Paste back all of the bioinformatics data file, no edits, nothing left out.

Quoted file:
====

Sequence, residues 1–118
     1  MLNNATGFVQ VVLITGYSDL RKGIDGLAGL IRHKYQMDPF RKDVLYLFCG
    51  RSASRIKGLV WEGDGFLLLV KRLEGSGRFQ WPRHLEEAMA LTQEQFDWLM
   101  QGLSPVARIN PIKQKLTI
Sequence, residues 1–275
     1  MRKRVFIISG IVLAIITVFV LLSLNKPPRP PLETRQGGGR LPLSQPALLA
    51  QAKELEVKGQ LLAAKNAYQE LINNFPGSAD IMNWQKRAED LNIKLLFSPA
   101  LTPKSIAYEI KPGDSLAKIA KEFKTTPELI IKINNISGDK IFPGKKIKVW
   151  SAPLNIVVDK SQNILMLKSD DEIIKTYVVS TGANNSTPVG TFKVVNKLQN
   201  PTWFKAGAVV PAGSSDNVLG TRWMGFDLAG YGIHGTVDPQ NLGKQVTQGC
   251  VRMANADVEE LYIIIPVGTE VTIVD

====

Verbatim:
Sequence, residues 1–118
     1  MLNNATGFVQ VVLITGYSDL RKGIDGLAGL IRHKYQMDPF RKDVLYLFCG
    51  RSASRIKGLV WEGDGFLLLV KRLEGSGRFQ WPRHLEEAMA LTQEQFDWLM
   101  QGLSPVARIN PIKQKLTI
Sequence, residues 1–275
     1  MRKRVFIISG IVLAIITVFV LLSLNKPPRP PLETRQGGGR LPLSQPALLA
    51  QAKELEVKGQ LLAAKNAYQE LINNFPGSAD IMNWQKRAED LNIKLLFSPA
   101  LTPKSIAYEI KPGDSLAKIA KEFKTTPELI IKINNISGDK IFPGKKIKVW
   151  SAPLNIVVDK SQNILMLKSD DEIIKTYVVS TGANNSTPVG TFKVVNKLQN
   201  PTWFKAGAVV PAGSSDNVLG TRWMGFDLAG YGIHGTVDPQ NLGKQVTQGC
   251  VRMANADVEE LYIIIPVGTE VTIVD